Thursday, January 19, 2012

Phytoplankton from space

The plankton consists largely of small organisms such as bacteria, plants and animals that drift at the mercy of ocean currents. The phytoplankton is the component of the plankton that is able to photosynthesize and it therefore very important in marine food-webs as primary producers. Indeed, phytoplankton are important for almost all life on Earth as they carry out about half of all photosynthetic activity, and therefore produce much of the oxygen in the atmosphere.

Diatoms, one of the most numerically dominant types of phytoplankton. Other important groups include dinoflagellates, cyanobacteria and algae.
Phytoplankton are restricted to the surface water where sunlight can reach them. Their numbers there are limited by the availability of certain nutrients. When these nutrients become abundant, such as during the upwelling of water from the deep ocean, the phytoplankton numbers increase rapidly. Such events are called 'blooms' and can be large enough to be detected from space.

A false-colour image of a phytoplankton bloom in the South Atlantic Ocean taken by the Earth-observing satellite Envisat. The colours represent the density (shade) and types (colour) of phytoplankton present.
Different types of phytoplankton use different combinations of pigment for photosynthesis. Different pigments absorb different wavelengths of light and this allows satellites to make a coarse identification of the species of phytoplankton present in a bloom by detecting the reflected light. Using this information false-colour pictures of a bloom, such as the one above, can be constructed to identify when, where and what types of phytoplankton are blooming. This is important information that assists with our understanding of the effects of human impacts on the marine environment, such as pollution and climate change.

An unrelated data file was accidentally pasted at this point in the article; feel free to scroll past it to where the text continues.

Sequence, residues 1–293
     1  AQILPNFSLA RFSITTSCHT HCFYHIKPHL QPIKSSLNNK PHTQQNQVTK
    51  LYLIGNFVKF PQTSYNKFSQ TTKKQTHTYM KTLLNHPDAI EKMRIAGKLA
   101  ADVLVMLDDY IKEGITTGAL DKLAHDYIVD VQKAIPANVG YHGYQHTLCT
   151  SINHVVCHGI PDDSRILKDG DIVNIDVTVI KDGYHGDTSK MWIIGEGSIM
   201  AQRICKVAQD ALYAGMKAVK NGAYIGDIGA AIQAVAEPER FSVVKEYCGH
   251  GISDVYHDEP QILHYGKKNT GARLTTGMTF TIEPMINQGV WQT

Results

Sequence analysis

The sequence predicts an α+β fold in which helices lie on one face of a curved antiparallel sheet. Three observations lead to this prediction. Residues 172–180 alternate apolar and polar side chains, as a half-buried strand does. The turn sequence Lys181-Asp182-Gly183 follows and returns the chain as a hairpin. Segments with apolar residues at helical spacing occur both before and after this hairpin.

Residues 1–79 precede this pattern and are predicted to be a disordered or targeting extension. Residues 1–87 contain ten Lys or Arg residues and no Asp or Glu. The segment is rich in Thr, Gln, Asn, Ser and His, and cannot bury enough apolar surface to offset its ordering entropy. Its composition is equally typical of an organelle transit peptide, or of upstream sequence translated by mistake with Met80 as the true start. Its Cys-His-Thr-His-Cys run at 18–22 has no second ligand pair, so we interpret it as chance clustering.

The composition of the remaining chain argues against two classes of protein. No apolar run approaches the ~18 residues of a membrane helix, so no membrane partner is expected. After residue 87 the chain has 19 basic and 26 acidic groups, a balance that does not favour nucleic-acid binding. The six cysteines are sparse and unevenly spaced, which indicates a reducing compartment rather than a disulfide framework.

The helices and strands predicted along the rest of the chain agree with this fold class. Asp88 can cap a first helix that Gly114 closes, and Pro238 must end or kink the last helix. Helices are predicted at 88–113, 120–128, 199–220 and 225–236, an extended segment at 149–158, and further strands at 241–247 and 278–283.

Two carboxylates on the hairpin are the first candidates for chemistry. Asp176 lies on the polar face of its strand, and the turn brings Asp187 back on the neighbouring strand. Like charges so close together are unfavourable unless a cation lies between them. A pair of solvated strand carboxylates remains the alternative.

Like life on the deep seafloor, the diversity of species in the plankton presents a paradox. Phytoplankton exist in a seemingly uncomplicated environment and compete for a small number of limiting resources, a situation that should favour a limited set of species, yet there is a huge diversity. Perhaps small variations in the spatial and temporal availability of the resources and variations in temperature create the complex set of niches required to support high diversity, as they do in the deep.

This post was inspired by a post on Sandwalk. The image of the phytoplankton bloom can be found (and downloaded) on the European Space Agency website here.

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